Irvine Councilmember Larry Agran resigned Monday night, citing a “peculiarity in our city charter.”

However, the resignation is only temporary: He will be reinstated to serve a new term on the City Council next week after voters reelected him in the November elections. The resignation, he said, will allow him to seek reelection after this new four-year stint rather than be subjected to term limits.

While he has served on the City Council on and off since 1978, term limits for City Council members went into effect in 2014 limiting council members and the mayor to a maximum of two terms.

In 2020, Agran ran for a City Council seat, but he came in third. However, since Farrah Khan was elected as mayor in the same election cycle, he was sworn in to fill her vacant seat on Dec. 8, 2020. That term was set to end on Dec.13 this year.

Agran, in his resignation letter, noted that Irvine’s city charter considers a partial term that lasts longer than two years to be a full term. If he did not resign, Agran said, he would run over that two-year benchmark by only “a few days.”

Although he said it would not be “an urgent matter,” Agran told the Register that he plans to propose an amendment to adjust the term limits during the upcoming City Council term.

While it would be “tricky” to adjust the charter, he thinks the Irvine City Council should follow the lead of the state legislature and measure term limits in years.

In 2014, Agran voted to put Measure W on the ballot, which sought term limits for council members and the mayor — even though he campaigned against it.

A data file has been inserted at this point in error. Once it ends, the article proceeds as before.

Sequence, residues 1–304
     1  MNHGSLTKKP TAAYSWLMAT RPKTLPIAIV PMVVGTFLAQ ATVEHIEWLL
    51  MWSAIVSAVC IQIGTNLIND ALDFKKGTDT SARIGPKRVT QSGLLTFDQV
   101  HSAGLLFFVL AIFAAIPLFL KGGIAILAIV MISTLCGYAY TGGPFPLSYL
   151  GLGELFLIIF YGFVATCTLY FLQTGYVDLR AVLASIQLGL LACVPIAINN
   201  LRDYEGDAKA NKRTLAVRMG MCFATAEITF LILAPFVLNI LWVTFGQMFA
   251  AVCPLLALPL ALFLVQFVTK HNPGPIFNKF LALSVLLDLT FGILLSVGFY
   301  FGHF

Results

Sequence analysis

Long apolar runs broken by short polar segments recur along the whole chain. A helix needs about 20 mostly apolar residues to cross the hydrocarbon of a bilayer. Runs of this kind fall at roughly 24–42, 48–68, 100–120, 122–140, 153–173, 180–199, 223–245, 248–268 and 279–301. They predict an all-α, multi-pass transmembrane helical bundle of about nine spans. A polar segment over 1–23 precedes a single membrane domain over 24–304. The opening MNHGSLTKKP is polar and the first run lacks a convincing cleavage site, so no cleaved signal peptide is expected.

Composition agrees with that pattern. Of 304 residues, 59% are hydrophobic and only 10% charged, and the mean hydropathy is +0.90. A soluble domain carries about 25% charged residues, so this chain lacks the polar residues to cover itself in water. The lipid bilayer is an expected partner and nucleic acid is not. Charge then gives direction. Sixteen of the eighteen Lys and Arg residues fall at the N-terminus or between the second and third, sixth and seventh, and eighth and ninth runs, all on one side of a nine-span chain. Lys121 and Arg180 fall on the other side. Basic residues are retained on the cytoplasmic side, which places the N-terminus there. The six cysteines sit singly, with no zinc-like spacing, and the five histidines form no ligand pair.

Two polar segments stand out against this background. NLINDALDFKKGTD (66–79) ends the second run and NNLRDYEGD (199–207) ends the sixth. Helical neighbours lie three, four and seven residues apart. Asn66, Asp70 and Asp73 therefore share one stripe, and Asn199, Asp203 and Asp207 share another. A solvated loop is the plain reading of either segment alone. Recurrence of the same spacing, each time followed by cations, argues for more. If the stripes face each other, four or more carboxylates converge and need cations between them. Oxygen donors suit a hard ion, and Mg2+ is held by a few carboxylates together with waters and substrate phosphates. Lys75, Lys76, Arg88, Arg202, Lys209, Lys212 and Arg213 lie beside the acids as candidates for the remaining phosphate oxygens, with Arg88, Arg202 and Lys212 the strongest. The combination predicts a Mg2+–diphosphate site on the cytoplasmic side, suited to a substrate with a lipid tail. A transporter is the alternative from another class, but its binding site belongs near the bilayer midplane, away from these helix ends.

Ultimately, Irvine voters adopted Measure W. Agran said the “current term limit system was contemplated that people would be limited to two full terms, meaning in people’s minds, two four-year terms.”

Agran will be sworn in to the City Council with Councilmember-elect Kathleen Treseder and Khan as mayor in a ceremony at City Hall on Tuesday, Dec. 13.

In addition to amending the term limit article, Agran also wants to address the future of the All American Asphalt plant and intends to remain the lead on the issue.

“We also need to follow through on the promises made to the community — and, in fact, heavily supported by the voters — to see to it that a Veterans Memorial Park within the Great Park is in fact built over the next two years,” Agran said.

Also top of the agenda is the issue of district elections, he said, calling it “a long overdue reform.”

“We are the biggest city in the state not to have district elections and certainly the biggest in Orange County not to have district elections,” Agran said.

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